Why is the UK deal space looking so active in 2018? Obviously, the UK is subject to the same global portfolio drivers we outlined above and this is motivating many companies to transact. But there are also some specific UK deal motivations and, to understand these, I think it helps to look at this from the domestic, inbound and outbound point of view.
In CCB18, UK companies put the UK top of their list of investment destination. I’m not surprised to see both this both result and the recent leap in domestic M&A values – now led, of course, by the Sainsbury-Asda deal. I expect to see more sector consolidation as UK companies look to build market share and cut operating costs in the face of sluggish domestic growth.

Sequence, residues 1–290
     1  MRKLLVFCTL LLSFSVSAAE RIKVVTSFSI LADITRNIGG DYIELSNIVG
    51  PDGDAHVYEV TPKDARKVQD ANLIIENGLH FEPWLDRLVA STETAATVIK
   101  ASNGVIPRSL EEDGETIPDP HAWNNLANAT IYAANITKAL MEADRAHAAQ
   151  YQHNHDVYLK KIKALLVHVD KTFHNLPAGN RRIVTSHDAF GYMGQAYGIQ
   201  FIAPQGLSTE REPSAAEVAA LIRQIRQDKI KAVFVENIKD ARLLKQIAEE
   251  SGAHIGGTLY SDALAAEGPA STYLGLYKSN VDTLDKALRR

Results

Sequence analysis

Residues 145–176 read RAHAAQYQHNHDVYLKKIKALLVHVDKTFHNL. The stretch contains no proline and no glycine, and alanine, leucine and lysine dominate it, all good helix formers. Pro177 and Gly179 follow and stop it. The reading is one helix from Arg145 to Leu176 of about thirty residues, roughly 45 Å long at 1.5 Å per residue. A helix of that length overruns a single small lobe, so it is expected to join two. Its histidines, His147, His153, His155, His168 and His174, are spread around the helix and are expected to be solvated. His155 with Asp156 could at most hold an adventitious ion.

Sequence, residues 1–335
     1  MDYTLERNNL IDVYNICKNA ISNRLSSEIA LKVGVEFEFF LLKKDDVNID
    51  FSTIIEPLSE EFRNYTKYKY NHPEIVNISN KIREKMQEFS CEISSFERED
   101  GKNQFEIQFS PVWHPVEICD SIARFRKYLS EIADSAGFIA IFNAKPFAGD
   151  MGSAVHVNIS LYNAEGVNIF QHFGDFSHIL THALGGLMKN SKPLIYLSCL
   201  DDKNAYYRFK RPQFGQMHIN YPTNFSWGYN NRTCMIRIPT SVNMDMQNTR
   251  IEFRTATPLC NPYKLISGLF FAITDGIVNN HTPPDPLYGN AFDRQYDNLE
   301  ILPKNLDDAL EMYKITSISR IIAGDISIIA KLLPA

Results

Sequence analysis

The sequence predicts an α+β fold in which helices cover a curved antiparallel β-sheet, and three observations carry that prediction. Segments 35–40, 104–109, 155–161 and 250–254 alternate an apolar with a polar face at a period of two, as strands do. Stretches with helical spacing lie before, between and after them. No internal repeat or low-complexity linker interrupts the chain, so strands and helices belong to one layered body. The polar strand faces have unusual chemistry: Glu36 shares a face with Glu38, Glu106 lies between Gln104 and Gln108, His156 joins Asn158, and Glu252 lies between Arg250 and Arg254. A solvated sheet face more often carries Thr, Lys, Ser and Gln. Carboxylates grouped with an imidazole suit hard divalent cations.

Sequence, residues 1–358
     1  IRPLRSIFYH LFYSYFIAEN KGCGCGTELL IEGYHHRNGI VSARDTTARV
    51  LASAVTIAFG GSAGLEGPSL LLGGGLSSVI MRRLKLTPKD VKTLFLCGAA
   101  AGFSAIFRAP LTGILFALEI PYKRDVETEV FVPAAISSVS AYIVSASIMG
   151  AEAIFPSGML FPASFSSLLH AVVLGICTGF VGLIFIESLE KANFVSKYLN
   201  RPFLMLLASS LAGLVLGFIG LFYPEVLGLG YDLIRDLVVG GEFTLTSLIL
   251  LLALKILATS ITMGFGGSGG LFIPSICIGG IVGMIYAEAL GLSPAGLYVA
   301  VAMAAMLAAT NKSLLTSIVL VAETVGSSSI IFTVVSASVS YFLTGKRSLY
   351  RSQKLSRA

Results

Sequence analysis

This slowdown – and rising costs – are putting UK earnings under considerable pressure. The percentage of UK companies expecting local earnings to improve fell to 45% in CCB18, compared with 59% six months ago. Our latest Quarterly Analysis of Profit Warnings also showed the impact of rising overheads on margins, also pressured by the need to invest in new technology and new business models to compete against nimbler new entrants. UK respondents ranked inflation as the biggest risk to their investment plans in CCB18 – ahead of market volatility. Automotive and Transportation and Consumer Products & Retail – two sectors under considerable disruptive, competitive and cost pressure – lead the way in UK domestic deal values so far in 2018.